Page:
Winning the Trading Game
Should You Quit While Ahead?
Stock Market Investors
Millions of people invest in the stock market -- and for good reason. Historically, such investments made it possible for people to achieve a higher standard of living and to attain financial security: a comfortable retirement, the ability to pay for children to attend college, buying a home, etc.
These long-term investors have encountered good times and bad times. Studies show that active traders fared far worse than those who remained invested over the long term.
In addition, those who tried to time the market underperformed buy and hold investors. Sure you want to make adjustments to your portfolio as needed, but trying to time the market has been shown to be a losing proposition for most.
Long-term investors should be concerned with managing risk, but few understand how to do that and tend to ignore risk management. (Readers of this column already know how options are used to reduce risk.)
A far smaller number of people are full-time or active traders. They understand that trading is a business and must generate consistent profits to sustain themselves and their families. For these traders, the goal is obvious: Be certain that the chances of incurring a large loss is near zero because one large loss may deplete their trading accounts.
Some long-term investors also maintain a small account in which they are active traders. This is a viable plan, as long as they are careful not to take too much risk in the trading account.
This may seem to be a trivial statement (but it is not): It is important to have a goal when investing in the stock market. It is even better to update those goals every few years. If you ever lose sight of your goals, it is possible to turn success to failure. Why? Markets do not always rise.
Years of bull markets can be followed by bear markets that decimate your account value. Sure, the long-term trend has always been higher -- but if you need your money -- the profits that you earned over many years -- it may not be available during a severe market correction. Therefore:
When you achieve a financial goal -- perhaps enough money to send your children to college -- protect that money. Take it off the table.
It is a good idea to continue investing for other goals, but do not run the risk of losing a significant portion of your savings. In other words, it is fine to take an acceptable level of risk while your money is growing -- but when you have enough cash to meet your specific needs, decrease risk and protect those assets.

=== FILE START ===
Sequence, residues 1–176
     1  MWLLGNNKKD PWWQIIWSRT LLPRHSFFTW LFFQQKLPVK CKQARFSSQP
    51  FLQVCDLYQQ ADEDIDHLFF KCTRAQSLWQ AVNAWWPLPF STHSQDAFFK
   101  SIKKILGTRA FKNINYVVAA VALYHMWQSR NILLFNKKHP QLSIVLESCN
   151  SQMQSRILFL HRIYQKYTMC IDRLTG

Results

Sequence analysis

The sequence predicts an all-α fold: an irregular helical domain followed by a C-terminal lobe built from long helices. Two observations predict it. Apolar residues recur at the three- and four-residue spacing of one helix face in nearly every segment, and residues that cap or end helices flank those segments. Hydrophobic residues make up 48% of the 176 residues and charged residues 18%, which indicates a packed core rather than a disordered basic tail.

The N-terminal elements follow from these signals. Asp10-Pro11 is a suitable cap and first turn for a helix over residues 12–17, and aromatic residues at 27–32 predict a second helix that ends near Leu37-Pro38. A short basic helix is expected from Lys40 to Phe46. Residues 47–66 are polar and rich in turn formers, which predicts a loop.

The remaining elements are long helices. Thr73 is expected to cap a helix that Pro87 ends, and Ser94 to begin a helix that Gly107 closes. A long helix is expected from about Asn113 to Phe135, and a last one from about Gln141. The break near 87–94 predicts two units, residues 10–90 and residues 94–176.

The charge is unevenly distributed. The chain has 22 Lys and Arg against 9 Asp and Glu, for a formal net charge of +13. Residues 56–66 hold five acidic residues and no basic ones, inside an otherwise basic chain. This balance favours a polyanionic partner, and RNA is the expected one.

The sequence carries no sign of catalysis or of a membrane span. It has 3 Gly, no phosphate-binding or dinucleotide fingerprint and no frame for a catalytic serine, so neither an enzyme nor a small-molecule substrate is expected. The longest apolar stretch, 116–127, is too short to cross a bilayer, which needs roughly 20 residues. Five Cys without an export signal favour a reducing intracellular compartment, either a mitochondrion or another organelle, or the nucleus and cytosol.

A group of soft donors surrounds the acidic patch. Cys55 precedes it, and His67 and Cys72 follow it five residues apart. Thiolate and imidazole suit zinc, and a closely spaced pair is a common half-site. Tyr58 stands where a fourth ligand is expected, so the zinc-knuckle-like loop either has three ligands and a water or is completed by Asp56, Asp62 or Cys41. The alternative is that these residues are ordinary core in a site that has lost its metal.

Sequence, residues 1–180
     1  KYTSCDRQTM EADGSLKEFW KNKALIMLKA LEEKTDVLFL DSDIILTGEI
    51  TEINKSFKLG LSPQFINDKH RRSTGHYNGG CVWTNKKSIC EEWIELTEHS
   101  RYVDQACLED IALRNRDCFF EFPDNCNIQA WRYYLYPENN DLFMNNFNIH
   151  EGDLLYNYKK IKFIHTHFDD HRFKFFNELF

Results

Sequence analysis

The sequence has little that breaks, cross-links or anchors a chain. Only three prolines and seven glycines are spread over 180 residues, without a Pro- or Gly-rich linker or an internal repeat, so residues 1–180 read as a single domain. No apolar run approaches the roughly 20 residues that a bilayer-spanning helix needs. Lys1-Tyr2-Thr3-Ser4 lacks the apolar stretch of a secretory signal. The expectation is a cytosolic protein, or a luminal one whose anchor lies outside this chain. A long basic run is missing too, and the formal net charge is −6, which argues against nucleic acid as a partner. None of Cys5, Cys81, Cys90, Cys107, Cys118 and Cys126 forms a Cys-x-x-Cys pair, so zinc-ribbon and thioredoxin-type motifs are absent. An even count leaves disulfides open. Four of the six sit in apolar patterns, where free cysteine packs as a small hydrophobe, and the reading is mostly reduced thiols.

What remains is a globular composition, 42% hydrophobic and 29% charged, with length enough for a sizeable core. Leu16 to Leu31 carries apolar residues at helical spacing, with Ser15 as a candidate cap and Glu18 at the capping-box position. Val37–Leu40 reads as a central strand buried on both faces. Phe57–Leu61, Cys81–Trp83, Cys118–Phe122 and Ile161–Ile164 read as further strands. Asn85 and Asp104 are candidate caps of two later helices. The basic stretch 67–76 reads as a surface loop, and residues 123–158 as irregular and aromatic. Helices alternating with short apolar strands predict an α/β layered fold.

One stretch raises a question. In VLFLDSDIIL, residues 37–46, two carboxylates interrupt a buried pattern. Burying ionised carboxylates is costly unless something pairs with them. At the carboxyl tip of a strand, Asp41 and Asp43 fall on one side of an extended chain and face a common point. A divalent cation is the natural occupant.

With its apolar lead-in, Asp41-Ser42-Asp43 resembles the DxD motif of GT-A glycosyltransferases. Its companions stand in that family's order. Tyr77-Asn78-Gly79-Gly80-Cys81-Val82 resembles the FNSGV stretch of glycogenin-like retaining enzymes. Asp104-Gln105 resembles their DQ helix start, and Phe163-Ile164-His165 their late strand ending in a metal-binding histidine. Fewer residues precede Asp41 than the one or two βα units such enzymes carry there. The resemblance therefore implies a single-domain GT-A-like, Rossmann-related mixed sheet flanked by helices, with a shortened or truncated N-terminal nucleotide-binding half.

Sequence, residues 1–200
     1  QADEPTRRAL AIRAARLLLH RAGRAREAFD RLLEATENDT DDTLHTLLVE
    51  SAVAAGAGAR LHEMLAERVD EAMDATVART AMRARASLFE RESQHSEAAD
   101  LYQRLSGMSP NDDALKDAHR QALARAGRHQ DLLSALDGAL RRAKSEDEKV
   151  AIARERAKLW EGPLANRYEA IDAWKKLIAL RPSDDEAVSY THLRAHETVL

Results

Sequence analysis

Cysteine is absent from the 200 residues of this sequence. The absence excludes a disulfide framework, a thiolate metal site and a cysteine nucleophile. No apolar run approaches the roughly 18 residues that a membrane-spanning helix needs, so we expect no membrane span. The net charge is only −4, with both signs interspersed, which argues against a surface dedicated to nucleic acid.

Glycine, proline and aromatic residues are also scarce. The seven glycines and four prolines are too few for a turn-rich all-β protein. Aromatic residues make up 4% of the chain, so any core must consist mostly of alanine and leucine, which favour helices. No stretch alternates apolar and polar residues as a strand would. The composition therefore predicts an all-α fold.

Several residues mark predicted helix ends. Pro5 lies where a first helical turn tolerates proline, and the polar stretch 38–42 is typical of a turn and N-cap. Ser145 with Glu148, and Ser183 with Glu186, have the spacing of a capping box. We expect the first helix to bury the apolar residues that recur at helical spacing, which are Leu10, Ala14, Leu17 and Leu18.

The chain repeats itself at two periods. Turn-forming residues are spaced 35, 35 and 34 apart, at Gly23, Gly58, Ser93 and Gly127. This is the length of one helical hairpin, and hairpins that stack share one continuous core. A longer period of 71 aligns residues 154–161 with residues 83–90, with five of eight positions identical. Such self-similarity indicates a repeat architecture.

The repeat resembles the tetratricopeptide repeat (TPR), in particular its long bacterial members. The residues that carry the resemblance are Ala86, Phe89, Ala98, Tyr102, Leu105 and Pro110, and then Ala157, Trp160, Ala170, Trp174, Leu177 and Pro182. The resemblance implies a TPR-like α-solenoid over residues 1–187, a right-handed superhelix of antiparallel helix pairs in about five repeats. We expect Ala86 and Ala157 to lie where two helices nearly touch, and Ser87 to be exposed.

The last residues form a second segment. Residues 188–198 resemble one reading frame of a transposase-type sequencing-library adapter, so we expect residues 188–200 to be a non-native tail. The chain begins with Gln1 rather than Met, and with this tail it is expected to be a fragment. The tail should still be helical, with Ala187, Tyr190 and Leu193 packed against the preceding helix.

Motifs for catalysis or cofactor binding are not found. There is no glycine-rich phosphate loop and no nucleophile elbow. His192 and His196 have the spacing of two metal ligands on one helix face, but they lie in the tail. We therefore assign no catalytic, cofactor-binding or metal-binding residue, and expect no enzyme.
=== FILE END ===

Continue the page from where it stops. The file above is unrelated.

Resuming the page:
There is one other recommendation that I have for investors. It is not a commonly accepted practice, but it makes great sense when you think about it:
When you reach a level of financial security that you believe will suffice for your entire lifetime; when your investments (and short-term trading) have been so successful that you have enough money (and health insurance) to provide for the future, then you won the investing game. Congratulations.
As a winner, stop playing the game so aggressively. Protect your assets. Sure, you want to earn even more money, but future dollars will be less important than current dollars because the first objective is to meet your needs. Once that is achieved, cut risk by adopting more conservative option strategies. Diversify your assets, do not own volatile stocks; take most of your cash off the table. At this point in your financial life, protecting your assets comes first.
This advice is difficult to follow because we all want to earn as much money as possible. In addition, when we do achieve financial security, it is easy to believe that we are, and have been, successful because of our individual talents. Often we fail to give enough credit to a financial advisor whose guidance set us on an investment path that suited our needs. It is important not to allow your ego to get in the way of making sound financial decisions. If you were smart enough to reach financial independence, then you should be capable of understanding the foolishness of placing that independence at risk.